I blogged a while ago that I was reading N.T. Wright’s “The Last Word” and that I’d share some of my thoughts as I went along. Well, I haven’t done much on that, because it’s been mostly been sitting idly by. Today I realized that I had a bunch of time unencumbered by those nasty “obligations” and decided to plow through a bunch of the book. This unfortunately means that I won’t dig into the book as much as I had hoped to, but I’ll make a couple of comments.
Wright is essentially doing a historical survey of how Christians have conceived of the authority of Scripture throughout history, and how we have moved far away from the way Jesus and the writers of the NT themselves conceived of Scripture’s authority. Wright concludes the section on the early church with this statement:
…the New Testament understands itself as the new covenant charter, the book that forms the basis for the new telling of the story through which Christians are formed, reformed and transformed so as to be God’s people for God’s world. That is the challenge the early Christians bequeath to us as we reconsider what ‘the authority of scripture’ might mean in practice today. (58)
Wright then goes through a historical survey of the authority of Scripture throughout the history of the Church and how our understanding became unhitched from this narrative sense of the story of God “setting the world to rights” (a favorite Wright phrase) in Israel, Jesus and the Church. Instead, the Scriptures became a repository of information from which the Church shaped its theology, traditions and practices, sometimes only in the loosest possible way. I won’t cover this area, since he does it about as concisely as possible and it still takes 65 pages.
But I did want to quote another section that I find fascinating, as it was a new insight to me. Let’s see if anyone else does.
…the Enlightenment was offering its own rival eschatology, a secular analogue to the biblical picture of God’s kingdom inaugurated by Jesus. Christianity had declared that God’s kingdom had been decisively inaugurated by Jesus himself, particularly through his death and resurrection. This sense of a one-off historical moment in the first century, however, had been so muted in much Christian theology—eschatology being replaced by systems of salvation and ethics—that the Enlightenment’s cuckoo-in-the-nest move was made all the easier, and has in fact gone unremarked. It was this eschatological takeover bid which caused Enlightenment thinkers to pour scorn on the bible’s picture of the coming kingdom, in a move which is still taken for granted in many circles today: first to misrepresent it (‘All the early Christians expected the world to end at once’) and then to rubbish it (‘The were wild fanatics, and they were proved wrong’). This ‘we-know-better-now’ move, so characteristic of various strands within Enlightenment thought (and now forming part of the mental and emotional landscape of most modern Westerners), disguised the fact that the Enlightenment’s alternative was equally wild and fanatical: the belief that world history, up until now a matter of darkness and superstition, had turned the decisive corner—in western Europe and North America in the eighteenth century—and come out into the light… (86)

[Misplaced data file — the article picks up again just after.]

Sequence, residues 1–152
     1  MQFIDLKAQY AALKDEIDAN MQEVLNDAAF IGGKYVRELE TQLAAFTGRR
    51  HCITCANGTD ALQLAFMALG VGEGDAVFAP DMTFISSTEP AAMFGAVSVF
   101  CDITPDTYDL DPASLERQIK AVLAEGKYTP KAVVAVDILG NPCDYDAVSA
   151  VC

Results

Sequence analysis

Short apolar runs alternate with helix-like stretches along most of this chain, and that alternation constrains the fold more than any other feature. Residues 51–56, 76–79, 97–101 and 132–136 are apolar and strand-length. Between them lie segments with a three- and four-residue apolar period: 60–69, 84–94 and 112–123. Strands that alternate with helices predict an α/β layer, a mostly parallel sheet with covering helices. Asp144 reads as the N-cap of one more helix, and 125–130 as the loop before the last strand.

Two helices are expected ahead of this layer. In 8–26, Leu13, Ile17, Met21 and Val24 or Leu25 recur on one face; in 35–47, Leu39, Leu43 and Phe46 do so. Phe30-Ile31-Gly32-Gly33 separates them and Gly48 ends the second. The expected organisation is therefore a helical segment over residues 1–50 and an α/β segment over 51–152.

Fascinating. The Englightenment story of “progress” as an eschatology; a metanarrative. I think that I might agree. Any thoughts?